Five year-old granddaughter, Jordyn, spent a week at Miss Dianne’s horse summer camp. While there she overcame her fear of trotting (probably instilled in her by pushing her too far, too fast, on horses that were too much). See a common theme here? Jordyn, like most intelligent beings, resists fear. I know there are the adrenaline freaks out there who no matter their age, love to be scared, but most of us do not enjoy the feeling of being out of control in a situation.
Jordyn has spent a lot of time at the farm but the most consistent, regular time was when she was 18 months to two years of age. Ally had just started back to work, was going to college and needed some child care help. Jordyn came a couple of days a week and spent the night for several months. There was lots of time to get on the pony. Snowboy was still here then (and he will be back one day soon) and Jordyn loved nothing better than that pony. We could saddle up Snow, throw Jordyn up and Snowboy would reliably trudge around the arena behind Mickey for as long as Jordyn wanted to ride and she never wanted to get off.
She trotted then in her little saddle on her white pony. Not a lot but enough. Fall turned into winter, my workload increased, Lauren was in school and Jordyn started regular day care.
Snowney went off to Uncle Dev’s (as Jo calls him), really Lauren’s trainer. He has been used as a lesson pony there for a few years now.
Jordyn would sporadically come and ride but we never had the consistent days like we did before. When we tried to push her on to doing something other than just walking, invariably our show horses or young ponies would not provide the stable mount that was needed. They were either completely reluctant to do anything or hyper-sensitive to being asked for more speed. Jordyn got a bumpy, scary ride. She wanted off the horse now and no more trotting-ever!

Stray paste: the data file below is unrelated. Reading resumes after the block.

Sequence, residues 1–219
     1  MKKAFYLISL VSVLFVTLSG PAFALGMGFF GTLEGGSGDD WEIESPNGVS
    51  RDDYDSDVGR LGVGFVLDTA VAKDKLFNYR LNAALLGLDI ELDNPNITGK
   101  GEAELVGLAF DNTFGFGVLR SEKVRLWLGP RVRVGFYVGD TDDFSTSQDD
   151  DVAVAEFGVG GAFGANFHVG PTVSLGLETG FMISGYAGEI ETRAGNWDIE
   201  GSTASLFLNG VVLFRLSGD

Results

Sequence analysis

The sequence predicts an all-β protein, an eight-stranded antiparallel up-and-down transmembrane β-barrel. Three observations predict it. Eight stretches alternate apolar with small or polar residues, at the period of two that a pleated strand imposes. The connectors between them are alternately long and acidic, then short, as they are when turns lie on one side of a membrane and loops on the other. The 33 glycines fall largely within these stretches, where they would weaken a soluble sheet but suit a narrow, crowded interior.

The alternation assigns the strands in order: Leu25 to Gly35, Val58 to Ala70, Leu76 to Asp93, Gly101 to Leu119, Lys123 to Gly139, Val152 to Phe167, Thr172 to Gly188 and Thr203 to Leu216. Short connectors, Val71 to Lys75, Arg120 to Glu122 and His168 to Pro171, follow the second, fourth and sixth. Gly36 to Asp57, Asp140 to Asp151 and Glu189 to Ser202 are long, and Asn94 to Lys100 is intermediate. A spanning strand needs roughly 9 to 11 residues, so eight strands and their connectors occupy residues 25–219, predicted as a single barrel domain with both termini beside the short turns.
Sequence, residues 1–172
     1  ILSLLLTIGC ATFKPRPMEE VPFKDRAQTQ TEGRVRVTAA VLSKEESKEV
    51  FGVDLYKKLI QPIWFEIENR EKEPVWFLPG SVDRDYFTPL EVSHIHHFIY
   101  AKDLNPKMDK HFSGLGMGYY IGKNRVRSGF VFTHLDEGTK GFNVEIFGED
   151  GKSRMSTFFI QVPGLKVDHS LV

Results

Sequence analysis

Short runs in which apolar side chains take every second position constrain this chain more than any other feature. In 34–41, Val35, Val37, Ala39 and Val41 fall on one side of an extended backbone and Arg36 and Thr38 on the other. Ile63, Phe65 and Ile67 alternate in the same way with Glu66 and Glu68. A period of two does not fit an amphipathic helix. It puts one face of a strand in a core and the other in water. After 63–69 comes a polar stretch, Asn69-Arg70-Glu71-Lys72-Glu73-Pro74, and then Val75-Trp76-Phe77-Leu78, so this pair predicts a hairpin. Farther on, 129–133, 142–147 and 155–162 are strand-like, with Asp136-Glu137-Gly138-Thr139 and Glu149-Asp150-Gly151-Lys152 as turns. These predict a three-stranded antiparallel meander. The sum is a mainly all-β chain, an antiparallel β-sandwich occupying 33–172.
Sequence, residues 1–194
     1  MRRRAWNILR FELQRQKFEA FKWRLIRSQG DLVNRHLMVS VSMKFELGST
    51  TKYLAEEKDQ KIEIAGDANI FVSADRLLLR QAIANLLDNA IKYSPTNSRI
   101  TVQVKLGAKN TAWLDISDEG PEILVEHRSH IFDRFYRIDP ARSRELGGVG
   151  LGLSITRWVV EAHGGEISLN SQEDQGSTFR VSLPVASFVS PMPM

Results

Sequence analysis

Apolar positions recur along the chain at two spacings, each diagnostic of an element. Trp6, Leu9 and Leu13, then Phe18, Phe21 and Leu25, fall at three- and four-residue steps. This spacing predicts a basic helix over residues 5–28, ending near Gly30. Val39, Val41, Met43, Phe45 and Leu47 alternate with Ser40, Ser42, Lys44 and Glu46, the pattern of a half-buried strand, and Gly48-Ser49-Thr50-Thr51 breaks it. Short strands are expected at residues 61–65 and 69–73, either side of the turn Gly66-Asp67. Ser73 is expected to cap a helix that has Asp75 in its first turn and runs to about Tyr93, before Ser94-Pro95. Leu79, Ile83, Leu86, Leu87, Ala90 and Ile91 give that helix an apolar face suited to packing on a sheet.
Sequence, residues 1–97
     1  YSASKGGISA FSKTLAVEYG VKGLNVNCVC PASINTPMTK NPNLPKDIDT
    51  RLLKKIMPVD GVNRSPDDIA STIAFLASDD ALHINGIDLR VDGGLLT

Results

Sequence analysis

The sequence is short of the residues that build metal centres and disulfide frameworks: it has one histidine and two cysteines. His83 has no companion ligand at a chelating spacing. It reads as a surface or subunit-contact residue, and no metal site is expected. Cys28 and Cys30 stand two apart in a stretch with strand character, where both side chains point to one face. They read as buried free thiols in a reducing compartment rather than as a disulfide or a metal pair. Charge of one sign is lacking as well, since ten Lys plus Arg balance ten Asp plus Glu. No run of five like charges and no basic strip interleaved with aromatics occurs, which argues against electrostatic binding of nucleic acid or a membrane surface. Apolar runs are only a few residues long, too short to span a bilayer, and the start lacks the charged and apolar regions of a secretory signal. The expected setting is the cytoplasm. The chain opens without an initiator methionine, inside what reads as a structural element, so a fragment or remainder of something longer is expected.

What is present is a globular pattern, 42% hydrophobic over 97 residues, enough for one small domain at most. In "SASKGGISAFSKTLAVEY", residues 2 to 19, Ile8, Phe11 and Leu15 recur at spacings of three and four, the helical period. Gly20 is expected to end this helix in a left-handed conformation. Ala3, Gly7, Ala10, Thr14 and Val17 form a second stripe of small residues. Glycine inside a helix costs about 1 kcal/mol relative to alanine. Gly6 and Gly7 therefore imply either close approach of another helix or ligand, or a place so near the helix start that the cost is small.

We made a real attempt at regular lessons in this last year but new babies, shoulder surgery and broken arms got in the way of our best intentions.
I thought horse camp might be just the catalyst that Jo needed to push her to the next step in riding but riding a small pony and getting on a big horse are two different deals (I am resisting the urge to say animals, here!). I did not know how she would do when she had to sit, trot, steer and hold the horse back simultaneously.
Jordyn was anxious to come show us what she had learned at camp. She had been down to the house a few times since camp but rainy weather had kept us off the horses. Finally, the time had come to see Jordyn trot.
The best I had to offer for her to ride in my barn was Mickey. The semi-retired jumper living a life of ease, he has not been worked consistently at all in the last months. Mickey can be very nice to ride. I would put beginner adults on him and expect he would behave. But Mickey can assess a situation pretty readily. Horses can read their rider. And Mickey is certainly a pro at taking advantage of any situation. A 45 pound child would be no match for him if he decide to buck, take-off or act up. How re-assuring that was!